Title 1A Frequently Asked Questions




What is Title 1A?
My child's first language is not English. What kind of bilingual or English Language Learner (ELL) programs are available?
Q: What is Title 1A?

A: The purpose of Title I of the Elementary and Secondary Education Act (ESEA), most recently reauthorized under No Child Left Behind, ensure that all children have a fair, equal, and significant opportunity to obtain a high-quality education and reach, at a minimum, proficiency on challenging state academic achievement standards and state academic assessments. The largest portion of Title I (Title I Section A) provides allocated formula grants through state educational agencies to local educational agencies (LEAs) and public schools based on free/reduced lunch percentages to help ensure that all children meet challenging state academic content and student academic achievement standards.

LEAs target the Title I funds they receive to public schools with the highest percentages of children from low-income families. Unless a participating school is operating a schoolwide program, the school must focus Title I services on children who are failing, or most at risk of failing, to meet State academic standards. Schools enrolling at least 40 percent of children from low-income families are eligible to use Title I funds for schoolwide programs designed to upgrade their entire educational programs to improve achievement for all students, particularly the lowest-achieving students.

Title I is designed to help students served by the program to achieve proficiency on challenging State academic achievement standards. Title I schools with percentages of students from low-income families of at least 40 percent may use Title I funds, along with other Federal, State, and local funds, to operate a "schoolwide program" to upgrade the instructional program for the whole school. Title I schools with less than the 40 percent schoolwide threshold or that choose not to operate a schoolwide program offer a "targeted assistance program" in which the school identifies students who are failing, or most at risk of failing, to meet the State's challenging academic achievement standards. Targeted assistance schools design, in consultation with parents, staff, and district staff, an instructional program to meet the needs of those students. Both schoolwide and targeted assistance programs must use instructional strategies based on scientifically based research and implement parental involvement activities.

Under Title I, LEAs are required to provide services for eligible private school students, as well as eligible public school students. In particular, section 1120 of Title I, Part A of the ESEA, requires a participating LEA to provide eligible children attending private elementary and secondary schools, their teachers, and their families with Title I services or other benefits that are equitable to those provided to eligible public school children, their teachers, and their families. These services must be developed in consultation with officials of the private schools. The Title I services provided by the LEA for private school participants are designed to meet their educational needs and supplement the educational services provided by the private school. For additional information on services to eligible private school children, see the U.S. Department of Education Office of Non-Public Education website.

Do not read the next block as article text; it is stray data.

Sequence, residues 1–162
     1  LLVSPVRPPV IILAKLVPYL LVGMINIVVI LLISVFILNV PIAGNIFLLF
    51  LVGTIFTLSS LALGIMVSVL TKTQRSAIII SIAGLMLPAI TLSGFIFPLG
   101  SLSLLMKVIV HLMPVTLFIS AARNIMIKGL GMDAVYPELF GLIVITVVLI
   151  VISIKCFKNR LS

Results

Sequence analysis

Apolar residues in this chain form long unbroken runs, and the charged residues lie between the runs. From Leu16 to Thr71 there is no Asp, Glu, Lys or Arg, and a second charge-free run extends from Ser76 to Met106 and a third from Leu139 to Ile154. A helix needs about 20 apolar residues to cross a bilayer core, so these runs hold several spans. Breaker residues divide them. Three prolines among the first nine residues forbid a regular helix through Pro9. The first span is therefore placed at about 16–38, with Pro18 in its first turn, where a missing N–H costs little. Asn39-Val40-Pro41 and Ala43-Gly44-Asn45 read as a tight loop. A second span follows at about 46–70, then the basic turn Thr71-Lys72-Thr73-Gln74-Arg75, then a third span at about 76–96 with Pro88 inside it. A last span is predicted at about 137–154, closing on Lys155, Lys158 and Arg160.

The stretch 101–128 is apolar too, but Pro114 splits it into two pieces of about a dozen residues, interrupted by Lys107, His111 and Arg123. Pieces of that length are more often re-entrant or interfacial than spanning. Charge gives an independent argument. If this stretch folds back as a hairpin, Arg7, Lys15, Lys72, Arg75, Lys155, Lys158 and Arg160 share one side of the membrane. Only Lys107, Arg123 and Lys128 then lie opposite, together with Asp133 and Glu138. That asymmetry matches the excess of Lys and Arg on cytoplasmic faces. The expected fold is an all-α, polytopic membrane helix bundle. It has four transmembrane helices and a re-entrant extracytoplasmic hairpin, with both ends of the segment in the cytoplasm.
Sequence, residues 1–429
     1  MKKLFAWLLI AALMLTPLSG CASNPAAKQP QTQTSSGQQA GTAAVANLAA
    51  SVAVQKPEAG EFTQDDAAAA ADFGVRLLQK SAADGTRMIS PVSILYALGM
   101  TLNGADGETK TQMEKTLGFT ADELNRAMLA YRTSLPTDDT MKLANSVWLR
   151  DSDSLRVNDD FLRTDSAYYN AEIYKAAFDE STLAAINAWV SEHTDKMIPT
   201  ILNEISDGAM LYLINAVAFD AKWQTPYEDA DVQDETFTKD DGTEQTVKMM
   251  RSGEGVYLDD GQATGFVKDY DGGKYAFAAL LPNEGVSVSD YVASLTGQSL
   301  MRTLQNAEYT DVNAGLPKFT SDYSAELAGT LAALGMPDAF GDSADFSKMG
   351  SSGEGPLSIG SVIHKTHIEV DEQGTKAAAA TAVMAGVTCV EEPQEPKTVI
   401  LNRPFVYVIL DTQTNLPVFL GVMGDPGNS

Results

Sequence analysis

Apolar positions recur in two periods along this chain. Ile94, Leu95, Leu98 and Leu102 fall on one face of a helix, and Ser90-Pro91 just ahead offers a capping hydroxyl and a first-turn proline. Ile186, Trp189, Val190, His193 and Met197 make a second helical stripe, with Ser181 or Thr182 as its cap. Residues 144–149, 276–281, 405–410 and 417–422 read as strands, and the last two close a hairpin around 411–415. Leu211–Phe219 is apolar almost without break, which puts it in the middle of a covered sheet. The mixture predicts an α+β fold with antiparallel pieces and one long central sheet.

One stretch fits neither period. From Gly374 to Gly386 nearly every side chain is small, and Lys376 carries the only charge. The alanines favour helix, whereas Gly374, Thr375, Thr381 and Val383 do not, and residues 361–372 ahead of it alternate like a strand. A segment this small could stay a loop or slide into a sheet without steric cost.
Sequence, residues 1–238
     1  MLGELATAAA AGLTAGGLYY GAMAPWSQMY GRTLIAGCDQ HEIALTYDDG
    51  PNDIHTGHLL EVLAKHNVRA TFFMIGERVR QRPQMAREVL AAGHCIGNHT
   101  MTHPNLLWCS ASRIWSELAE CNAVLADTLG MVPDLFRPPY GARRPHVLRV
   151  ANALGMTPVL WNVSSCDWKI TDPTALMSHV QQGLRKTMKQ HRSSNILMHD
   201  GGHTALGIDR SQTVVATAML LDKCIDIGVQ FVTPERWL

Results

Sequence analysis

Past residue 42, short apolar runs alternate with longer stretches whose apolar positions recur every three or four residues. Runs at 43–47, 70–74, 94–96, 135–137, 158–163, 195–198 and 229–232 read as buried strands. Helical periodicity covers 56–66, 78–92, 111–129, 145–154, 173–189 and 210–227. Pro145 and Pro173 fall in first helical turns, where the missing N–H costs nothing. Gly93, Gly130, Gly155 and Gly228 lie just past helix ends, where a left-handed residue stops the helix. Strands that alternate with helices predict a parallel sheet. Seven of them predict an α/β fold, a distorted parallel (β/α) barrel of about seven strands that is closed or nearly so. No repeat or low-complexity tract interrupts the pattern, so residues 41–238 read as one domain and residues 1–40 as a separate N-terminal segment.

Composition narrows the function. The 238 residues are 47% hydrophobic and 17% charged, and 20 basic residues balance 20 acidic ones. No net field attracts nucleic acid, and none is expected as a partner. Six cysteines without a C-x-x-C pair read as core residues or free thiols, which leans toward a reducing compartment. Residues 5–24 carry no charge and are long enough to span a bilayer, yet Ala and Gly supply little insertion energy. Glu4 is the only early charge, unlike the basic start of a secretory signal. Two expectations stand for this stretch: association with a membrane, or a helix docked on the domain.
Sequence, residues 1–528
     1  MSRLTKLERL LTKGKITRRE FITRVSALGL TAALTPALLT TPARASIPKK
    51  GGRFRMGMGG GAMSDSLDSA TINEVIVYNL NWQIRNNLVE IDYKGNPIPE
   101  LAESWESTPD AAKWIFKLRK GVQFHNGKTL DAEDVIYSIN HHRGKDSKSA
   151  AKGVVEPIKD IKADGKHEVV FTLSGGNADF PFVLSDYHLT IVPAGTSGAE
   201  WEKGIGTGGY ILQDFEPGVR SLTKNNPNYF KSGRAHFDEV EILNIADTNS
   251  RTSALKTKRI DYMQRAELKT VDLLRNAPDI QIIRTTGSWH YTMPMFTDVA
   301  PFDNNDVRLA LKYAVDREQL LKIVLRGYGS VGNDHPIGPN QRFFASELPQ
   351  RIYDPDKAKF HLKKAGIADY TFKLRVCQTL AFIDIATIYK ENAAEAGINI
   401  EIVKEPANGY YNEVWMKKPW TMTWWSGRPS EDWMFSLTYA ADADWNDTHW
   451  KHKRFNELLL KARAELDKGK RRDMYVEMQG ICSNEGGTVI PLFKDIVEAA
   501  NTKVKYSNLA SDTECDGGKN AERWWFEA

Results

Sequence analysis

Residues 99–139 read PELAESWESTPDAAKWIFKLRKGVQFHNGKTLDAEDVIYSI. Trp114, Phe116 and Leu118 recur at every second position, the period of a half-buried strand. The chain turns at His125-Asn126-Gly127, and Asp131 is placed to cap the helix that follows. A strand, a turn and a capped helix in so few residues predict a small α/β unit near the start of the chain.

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Q: My child's first language is not English. What kind of bilingual or English Language Learner (ELL) programs are available?
  • As part of a schoolwide, Title IA program, all children are assessed, including those who are English Language Learners (ELL). This ensures that schools are accountable for all students, including those for whom English is not their first language, and that parents and teachers are aware of the needs of all students.
  • Parents Rights: A “Declaration of Rights for Parents of English Language Learners” tells what parents of English language learners can expect under No Child Left Behind ( available in English and Spanish).
  • Clearinghouse: The National Clearinghouse for English Language Acquisition and Language Instruction Educational Programs (NCELA) collects, analyzes, synthesizes and disseminates information about language instruction education programs for English language learners and related programs.

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